Ask the Expert - Impatiens Downy Mildew
Daedre McGrath, our Trial Garden Manager, answers questions about Impatiens Downy Mildew.
Is impatiens downy mildew still an issue? Can I plant impatiens in my garden again?
-Bill T. From Muskegon
Yes, unfortunately Impatiens downy mildew can still be a problem for some gardeners. Impatiens downy mildew (IDM) is the fungal pathogen Plasmopara obducens that specifically impacts Impatiens walleriana. After the initial outbreak starting in 2011, many gardeners were instructed to stop planting Impatiens walleriana until a solution was found. Once your garden is infected, the pathogen can overwinter in the soil and re-infect next year’s plants. If you continue to plant Impatiens walleriana after your soil is infected, you are providing a host for the pathogen, increasing the potential for re-infection, causing the production of more spores and re-inoculating the soil for years to come.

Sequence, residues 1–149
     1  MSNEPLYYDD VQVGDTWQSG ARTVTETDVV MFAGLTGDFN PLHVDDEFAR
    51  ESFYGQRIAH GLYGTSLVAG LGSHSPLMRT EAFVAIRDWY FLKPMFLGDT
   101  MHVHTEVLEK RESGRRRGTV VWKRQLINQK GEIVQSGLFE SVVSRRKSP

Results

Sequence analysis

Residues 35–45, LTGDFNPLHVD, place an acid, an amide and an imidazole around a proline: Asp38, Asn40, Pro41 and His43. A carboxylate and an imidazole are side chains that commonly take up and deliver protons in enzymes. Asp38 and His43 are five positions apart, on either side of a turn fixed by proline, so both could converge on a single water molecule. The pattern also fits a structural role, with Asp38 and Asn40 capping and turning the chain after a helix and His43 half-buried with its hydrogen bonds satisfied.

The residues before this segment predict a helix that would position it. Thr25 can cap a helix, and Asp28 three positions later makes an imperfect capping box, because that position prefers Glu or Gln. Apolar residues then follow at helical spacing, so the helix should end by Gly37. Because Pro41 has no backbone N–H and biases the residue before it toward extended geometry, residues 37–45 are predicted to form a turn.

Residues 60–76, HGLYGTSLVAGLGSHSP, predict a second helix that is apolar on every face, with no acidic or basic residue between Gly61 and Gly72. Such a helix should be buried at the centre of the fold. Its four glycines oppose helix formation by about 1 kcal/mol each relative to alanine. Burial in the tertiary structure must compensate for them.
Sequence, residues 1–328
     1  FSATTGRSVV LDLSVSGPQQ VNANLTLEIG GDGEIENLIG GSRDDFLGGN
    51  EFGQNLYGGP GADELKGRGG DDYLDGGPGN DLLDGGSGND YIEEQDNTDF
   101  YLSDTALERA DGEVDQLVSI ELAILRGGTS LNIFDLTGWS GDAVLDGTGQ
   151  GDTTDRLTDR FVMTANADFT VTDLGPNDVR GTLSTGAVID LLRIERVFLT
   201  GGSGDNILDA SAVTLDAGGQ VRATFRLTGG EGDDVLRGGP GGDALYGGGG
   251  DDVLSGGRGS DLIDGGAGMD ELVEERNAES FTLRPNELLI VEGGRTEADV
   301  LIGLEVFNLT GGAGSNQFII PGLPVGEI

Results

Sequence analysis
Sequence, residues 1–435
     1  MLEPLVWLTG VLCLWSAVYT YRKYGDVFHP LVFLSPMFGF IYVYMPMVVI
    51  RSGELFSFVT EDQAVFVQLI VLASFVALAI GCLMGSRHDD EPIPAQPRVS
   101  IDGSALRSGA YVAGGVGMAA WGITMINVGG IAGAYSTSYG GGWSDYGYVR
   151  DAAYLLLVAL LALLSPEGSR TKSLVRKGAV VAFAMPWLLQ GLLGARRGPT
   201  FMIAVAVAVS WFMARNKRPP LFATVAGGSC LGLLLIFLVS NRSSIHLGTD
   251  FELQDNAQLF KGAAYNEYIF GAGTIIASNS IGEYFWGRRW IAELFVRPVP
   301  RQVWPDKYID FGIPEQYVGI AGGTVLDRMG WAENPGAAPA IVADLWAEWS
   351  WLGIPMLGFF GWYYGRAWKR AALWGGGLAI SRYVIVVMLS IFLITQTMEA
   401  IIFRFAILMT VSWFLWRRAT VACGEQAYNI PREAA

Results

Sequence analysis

Although they are generally much more expensive, you can still get that “Impatiens look” by planting New Guinea Impatiens or any of the impatiens hybrids that are currently on the market, as they are not susceptible to the pathogen. However, good news is on the horizon! A couple plant breeding companies are working on introducing varieties of Impatiens walleriana that are highly resistant to IDM! We evaluated a handful of these new resistant varieties in our 2019 MSU Trial Garden and found them to hold up all summer without developing the disease (which we know is present in our soil). The Imara XDR series from Syngenta and Beacon series from PanAmerican Seed will both be available in 2020.
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